A hostile or threatening environment

BossFeed Briefing for August 22, 2017. Yesterday, the moon briefly obscured the sun, lowering productivity by $700 million according to some estimates. Also yesterday, taxi drivers at Sea-Tac Airport launched a one-hour strike over poor working conditions. Last Tuesday, results were certified in primary elections across the state. And last Thursday was the 130th anniversary of Marcus Garvey’s birth. 


Three things to know this week:


Dozens of berry pickers in Sumas, Washington went on strike earlier this month after a co-worker was reportedly made to return to work after complaining of health issues, then collapsed, and later died. Working Washington supporters stepped up along with local organizations like Community to Community Development to support the workers’ fight for justice.

A statewide survey found that 28% of transgender workers reported being fired, denied a promotion, or not being hired for a job because of their gender identity or expression. Seventeen percent reported being verbally harassed at work, and 14% were unemployed.


The Everett City Council voted unanimously to require employees of fast food restaurants, food trucks, and coffee stands to wear “at least” tank tops and “longer” shorts. The new law is intended to control the types of attire which can and cannot be worn on the job by people who work as so-called bikini baristas, which has now become one of the vanishingly few jobs with a dress code specified in municipal statute.


Two things to ask:


Are you surprised? Researchers from Harvard, UCLA, and the Rand Corporation who analyzed a first-of-its kind, in-depth national survey on workplace experiences were surprised to find that one in five U.S. workers report they face a “hostile or threatening environment” at work. Rates were even higher among customer service workers.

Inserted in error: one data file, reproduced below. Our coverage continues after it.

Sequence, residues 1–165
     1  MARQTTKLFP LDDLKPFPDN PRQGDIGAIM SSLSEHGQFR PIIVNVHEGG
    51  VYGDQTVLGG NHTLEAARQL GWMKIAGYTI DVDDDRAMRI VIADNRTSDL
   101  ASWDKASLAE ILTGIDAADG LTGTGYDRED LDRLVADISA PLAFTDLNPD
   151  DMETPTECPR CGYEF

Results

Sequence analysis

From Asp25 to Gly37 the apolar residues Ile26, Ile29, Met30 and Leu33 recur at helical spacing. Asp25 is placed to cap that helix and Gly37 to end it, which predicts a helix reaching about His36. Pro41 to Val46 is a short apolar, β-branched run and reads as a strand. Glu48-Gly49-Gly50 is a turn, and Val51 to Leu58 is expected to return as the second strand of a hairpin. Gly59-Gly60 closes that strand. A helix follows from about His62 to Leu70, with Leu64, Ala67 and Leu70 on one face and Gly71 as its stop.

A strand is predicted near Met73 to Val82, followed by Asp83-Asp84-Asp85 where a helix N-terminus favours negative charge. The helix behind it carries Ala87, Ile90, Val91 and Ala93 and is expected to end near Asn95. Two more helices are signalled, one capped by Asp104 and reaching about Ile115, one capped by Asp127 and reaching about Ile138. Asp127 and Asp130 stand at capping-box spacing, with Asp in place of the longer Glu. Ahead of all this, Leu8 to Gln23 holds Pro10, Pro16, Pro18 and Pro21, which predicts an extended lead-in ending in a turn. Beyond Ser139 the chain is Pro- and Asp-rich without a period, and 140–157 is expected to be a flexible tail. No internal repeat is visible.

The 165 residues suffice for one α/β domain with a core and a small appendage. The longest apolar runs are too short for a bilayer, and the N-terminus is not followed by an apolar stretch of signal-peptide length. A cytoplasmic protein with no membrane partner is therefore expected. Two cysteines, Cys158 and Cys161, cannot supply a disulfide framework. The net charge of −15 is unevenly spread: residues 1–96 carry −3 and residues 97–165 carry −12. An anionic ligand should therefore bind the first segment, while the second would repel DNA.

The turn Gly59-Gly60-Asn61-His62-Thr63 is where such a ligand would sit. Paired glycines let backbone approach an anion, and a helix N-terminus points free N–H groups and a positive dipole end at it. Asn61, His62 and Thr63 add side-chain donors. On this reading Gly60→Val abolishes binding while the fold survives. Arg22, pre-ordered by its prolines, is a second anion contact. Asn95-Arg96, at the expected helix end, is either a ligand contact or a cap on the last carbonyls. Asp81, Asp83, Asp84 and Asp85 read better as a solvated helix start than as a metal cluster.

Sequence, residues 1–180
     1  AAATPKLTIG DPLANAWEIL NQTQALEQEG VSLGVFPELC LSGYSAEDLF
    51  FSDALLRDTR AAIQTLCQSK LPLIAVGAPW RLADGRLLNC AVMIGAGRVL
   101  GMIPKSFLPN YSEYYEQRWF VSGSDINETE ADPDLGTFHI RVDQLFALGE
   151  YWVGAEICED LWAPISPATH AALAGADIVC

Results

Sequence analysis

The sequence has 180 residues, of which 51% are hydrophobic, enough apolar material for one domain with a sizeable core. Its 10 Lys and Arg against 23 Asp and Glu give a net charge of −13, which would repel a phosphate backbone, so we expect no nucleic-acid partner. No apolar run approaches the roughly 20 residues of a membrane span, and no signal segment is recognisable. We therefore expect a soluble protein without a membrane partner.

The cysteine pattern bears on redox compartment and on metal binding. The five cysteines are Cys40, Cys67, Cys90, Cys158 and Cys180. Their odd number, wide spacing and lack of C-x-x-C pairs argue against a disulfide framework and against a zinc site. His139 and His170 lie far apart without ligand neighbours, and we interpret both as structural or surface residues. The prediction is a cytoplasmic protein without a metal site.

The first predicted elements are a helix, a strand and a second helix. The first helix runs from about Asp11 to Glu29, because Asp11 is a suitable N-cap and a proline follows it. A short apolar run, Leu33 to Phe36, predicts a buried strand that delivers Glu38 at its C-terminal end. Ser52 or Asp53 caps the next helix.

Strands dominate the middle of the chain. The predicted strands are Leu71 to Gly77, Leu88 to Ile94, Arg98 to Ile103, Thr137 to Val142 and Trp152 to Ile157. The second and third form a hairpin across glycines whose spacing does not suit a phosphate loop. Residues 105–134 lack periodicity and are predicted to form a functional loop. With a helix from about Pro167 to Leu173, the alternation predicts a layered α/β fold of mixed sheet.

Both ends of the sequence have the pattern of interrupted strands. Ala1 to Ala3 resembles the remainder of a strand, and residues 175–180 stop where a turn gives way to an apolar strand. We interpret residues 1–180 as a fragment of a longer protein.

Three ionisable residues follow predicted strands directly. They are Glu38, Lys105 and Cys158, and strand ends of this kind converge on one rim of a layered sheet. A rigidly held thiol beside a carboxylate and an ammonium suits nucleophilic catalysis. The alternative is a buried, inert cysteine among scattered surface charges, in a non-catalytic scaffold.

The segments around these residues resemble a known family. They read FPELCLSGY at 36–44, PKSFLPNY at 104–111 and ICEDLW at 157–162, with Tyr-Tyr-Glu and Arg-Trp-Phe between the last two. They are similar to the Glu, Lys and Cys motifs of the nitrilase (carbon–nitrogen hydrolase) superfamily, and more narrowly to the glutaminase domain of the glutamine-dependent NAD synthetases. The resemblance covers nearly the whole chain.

OK, so who came up with that name? Barclays in London has begun to monitor whether or not their investment bankers are sitting at their workstations. They have deployed a device called the OccupEye (really!) which uses heat & motion sensors to record when and for how long a given desk and chair are being used.


And one thing that’s worth a closer look:


King County Metro Driver Nathan Vass and several of his regular riders on the #7 bus are profiled in a striking community profile by Jessica Lee in the Seattle Times. The bus is one of the few places where different slices of work, poverty, and “the system” intersect on a stop-by-stop basis, and while that can make mass transit difficult & frustrating for many riders, Lee here focuses on something else — the special opportunities it also provides for a unique kind of relationship-building that comes from regularly sharing a window of moving space & time. Every person in the piece comes through with a spirited human wholeness — absolutely worth a read before (or during) your next ride.


Read this far?


Consider yourself briefed, boss.

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